Moby Dick’s symbolic meaning is hard to pin down, and the indeterminateness of it is in large part the point of Melville’s novel. There are a few things we can say for sure:
- Moby Dick is, firstly, the object of Ahab’s vengeance. The whale bit off his leg, and in so doing represents for Ahab the essential hostility of nature towards man.
- Alternatively, Moby Dick represents the blankness or indifference of nature towards man. That is, while Ahab may seek vengeance on the whale, the whale itself doesn’t know anything about Ahab.
- The whale can be seen as an avatar of God or some divine power. In this case, Ahab’s revenge is more cosmic in scope; his quarrel is with God, not the whale.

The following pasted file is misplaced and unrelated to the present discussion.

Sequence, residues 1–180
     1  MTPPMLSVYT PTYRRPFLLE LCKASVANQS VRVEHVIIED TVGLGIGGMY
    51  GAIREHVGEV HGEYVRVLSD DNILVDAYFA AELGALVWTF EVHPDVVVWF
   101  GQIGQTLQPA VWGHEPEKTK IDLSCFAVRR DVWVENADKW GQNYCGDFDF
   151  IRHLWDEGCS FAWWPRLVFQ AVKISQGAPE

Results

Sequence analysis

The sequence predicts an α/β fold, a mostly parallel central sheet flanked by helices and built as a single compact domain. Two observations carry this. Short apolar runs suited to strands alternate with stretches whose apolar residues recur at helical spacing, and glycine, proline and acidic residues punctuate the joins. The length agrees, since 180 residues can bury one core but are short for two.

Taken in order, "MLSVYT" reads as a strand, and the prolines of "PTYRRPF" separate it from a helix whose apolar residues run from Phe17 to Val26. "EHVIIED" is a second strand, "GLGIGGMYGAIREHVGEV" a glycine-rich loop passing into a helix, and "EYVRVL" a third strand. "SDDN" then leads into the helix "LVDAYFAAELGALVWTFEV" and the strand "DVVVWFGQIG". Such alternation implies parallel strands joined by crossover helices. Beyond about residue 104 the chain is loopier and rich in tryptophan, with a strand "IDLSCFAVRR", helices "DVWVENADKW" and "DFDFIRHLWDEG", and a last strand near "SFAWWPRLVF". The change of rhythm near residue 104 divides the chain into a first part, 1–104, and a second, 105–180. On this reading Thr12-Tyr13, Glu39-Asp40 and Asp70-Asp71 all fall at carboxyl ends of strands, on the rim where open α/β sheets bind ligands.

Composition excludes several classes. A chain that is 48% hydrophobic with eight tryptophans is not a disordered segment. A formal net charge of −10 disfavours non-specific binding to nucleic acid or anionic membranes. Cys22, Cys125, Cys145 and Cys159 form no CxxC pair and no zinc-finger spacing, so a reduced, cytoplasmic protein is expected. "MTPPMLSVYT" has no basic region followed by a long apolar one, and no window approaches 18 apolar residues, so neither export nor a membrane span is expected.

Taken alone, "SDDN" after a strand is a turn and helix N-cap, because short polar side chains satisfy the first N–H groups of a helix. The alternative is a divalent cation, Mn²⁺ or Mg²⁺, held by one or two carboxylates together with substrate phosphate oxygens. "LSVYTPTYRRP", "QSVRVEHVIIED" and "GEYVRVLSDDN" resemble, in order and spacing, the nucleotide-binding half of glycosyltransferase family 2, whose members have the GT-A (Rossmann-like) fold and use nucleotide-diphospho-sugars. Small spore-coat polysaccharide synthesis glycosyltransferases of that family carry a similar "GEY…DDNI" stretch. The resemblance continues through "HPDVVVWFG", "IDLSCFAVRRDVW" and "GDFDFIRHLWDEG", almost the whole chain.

- The whale can be seen as symbolic of a certain lack of meaning – however much we want to assign significance to reality, the whale symbolizes how “inscrutable” reality truly is.
And so forth. Some key chapters to look at where this idea of symbolism is developed are “The Whiteness of the Whale,” Chapter 42, or “The Quarterdeck,” Chapter 36. Good luck!